Once this has been completed, the heavily tested and treated wastewater can be discharged into the municipal sewage system, where it is treated at a standard water treatment facility per local standards.

Cruise lines must pay certain fees to dispose of their wastewater in port. Local authorities’ fees help to subsidize the costs associated with treating additional wastewater.

While proper storage and treatment of human waste is one of the most pressing concerns, cruise ships must also be capable of handling other forms of waste, especially at sea.

While cruise ships put a significant amount of effort into using recyclable materials, food waste and certain forms of packaging must be stored and treated properly. The same applies to hazardous materials, like medical by-products, cleaning chemicals, and more.

Truck Collecting Cruise Ship Waste (Photo Credit: Darryl Brooks / Shutterstock)

To handle solid waste, cruise ships segregate the material and dehydrate it. This helps with odor control. Onboard recycling programs salvage, sanitize, and repurpose items that do not need to be disposed of, as this helps cut down on the amount of waste that needs to be stored and helps reduce the ship’s environmental impact.

Once the waste is separated, treated, and stored appropriately, it can be disposed of properly once the ship visits a port equipped with the correct waste management facilities.

As you would expect, cruise ships take extra precautions when handling and disposing of hazardous materials. Everything is dealt with in the most efficient and eco-conscious ways possible.

Black water is a term used to describe human wastewater within the maritime world, including by the cruise industry. Water that has come in contact with human feces, urine, or toilet paper is deemed black water.

Until treated, it cannot be discharged into the sea or ocean, as it could harm marine life and human beings living near coastal areas.

Cruise ships hide and eliminate unpleasant odors from human waste by using airtight holding tanks. They also use specialized ventilation systems that make use of activated carbon filters.

To ensure that passengers and crew members do not detect smells relating to human waste, these storage tanks are also located as far away as possible from all personnel and passengers. 

Cruise ships are only permitted to release human wastewater that has been heavily treated. Solid waste is also treated and dehydrated but not released into any open body of water. Instead, it is disposed of through standard, onshore waste disposal methods once the cruise ship is in port.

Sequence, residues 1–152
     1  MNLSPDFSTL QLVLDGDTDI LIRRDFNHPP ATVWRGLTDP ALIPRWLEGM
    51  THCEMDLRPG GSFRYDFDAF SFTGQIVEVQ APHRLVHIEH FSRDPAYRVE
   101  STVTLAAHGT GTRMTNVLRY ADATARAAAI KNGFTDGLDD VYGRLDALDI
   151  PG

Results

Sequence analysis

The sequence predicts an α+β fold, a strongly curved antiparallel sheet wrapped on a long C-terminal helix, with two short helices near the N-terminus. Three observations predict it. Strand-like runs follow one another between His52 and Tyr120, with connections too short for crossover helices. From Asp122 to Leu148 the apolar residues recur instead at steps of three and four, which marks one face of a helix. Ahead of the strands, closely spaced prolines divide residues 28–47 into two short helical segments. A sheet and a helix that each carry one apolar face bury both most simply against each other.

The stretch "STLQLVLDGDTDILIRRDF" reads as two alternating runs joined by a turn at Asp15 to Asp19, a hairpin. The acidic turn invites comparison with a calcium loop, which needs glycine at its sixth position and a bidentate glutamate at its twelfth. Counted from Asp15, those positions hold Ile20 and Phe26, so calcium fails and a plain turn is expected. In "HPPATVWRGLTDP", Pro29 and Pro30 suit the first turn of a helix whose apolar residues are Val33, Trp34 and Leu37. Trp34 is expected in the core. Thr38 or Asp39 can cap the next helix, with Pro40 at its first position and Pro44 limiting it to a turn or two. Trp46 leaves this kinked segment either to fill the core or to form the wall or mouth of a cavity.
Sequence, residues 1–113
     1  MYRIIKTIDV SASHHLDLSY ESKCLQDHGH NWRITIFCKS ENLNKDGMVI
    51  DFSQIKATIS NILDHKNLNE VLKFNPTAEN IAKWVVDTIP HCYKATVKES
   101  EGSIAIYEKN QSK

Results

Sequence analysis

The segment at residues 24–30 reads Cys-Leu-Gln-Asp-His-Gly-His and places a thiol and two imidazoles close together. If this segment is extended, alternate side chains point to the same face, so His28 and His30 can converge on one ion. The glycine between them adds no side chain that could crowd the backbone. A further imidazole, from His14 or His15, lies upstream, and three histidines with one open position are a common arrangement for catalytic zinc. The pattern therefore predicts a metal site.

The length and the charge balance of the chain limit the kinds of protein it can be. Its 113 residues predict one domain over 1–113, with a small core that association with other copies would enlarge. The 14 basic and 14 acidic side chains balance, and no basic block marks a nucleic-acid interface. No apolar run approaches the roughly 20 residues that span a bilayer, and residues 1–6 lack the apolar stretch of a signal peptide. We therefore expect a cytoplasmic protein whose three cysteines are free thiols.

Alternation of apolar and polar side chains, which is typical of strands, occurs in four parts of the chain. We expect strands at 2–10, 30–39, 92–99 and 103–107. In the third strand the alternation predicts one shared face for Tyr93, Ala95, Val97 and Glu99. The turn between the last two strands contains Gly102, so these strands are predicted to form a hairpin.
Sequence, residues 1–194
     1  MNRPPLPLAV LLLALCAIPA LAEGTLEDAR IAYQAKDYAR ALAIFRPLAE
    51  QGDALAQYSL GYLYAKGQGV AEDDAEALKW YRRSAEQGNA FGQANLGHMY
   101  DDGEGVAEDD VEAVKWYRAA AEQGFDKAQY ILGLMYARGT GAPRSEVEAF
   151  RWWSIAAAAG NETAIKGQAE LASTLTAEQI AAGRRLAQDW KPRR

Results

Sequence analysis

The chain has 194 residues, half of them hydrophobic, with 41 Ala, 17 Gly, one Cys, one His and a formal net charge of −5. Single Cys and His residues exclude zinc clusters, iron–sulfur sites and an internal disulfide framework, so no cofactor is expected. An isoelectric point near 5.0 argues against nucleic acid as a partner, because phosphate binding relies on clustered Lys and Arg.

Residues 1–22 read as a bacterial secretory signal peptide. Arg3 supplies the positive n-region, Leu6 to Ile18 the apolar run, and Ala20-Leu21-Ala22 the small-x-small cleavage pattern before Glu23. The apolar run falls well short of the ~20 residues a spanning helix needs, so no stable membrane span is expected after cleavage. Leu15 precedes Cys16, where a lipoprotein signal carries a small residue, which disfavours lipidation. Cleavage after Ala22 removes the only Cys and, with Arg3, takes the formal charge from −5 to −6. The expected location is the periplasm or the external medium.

In addition to heavy filtration processes and settlement chambers, cruise ships use chlorine and a specialized combination of aerobic bacteria to break down and treat human waste.

No, none of the water that flows from the taps in your cabin is previously treated sewage wastewater. When you turn on your faucets or flush your toilet waste, you will always receive fresh water.

The wastewater that the cruise ship uses is heavily treated. It is either discharged into the water in designated areas of the ocean or released onshore into the local water treatment system.

There have been some unfortunate incidents where cruise ships have accidentally discharged human waste or experienced unexpected leaks in their onboard waste treatment and holding facilities.

While these instances have occurred, they were all accidents, and the cruise lines were penalized according to strict regulations. This is done to limit the cruise industry’s environmental impact and protect passengers from exposure to unpleasant smells and bacteria.

Even when cruise ships dispose of other forms of waste illegally, they are heavily penalized. For example, read about how cruise ship garbage was illegally dumped in Cozumel, Mexico.

Today’s cruise ships have advanced waste treatment facilities that use the latest technologies and protocols to manage and dispose of human waste. Ensuring that waste is disposed of in a way that protects passengers and the environment is the primary concern of all cruise ships.

We recommend reading about the cruise industry’s pursuit of carbon neutrality by 2050 to learn more about how cruise ships embrace environmentally-friendly technologies and methods. You can also read how Carnival invested over half a million dollars into a food waste biodigester. This unique and responsible attitude towards waste demonstrates how cruise lines prioritize sustainable waste management solutions.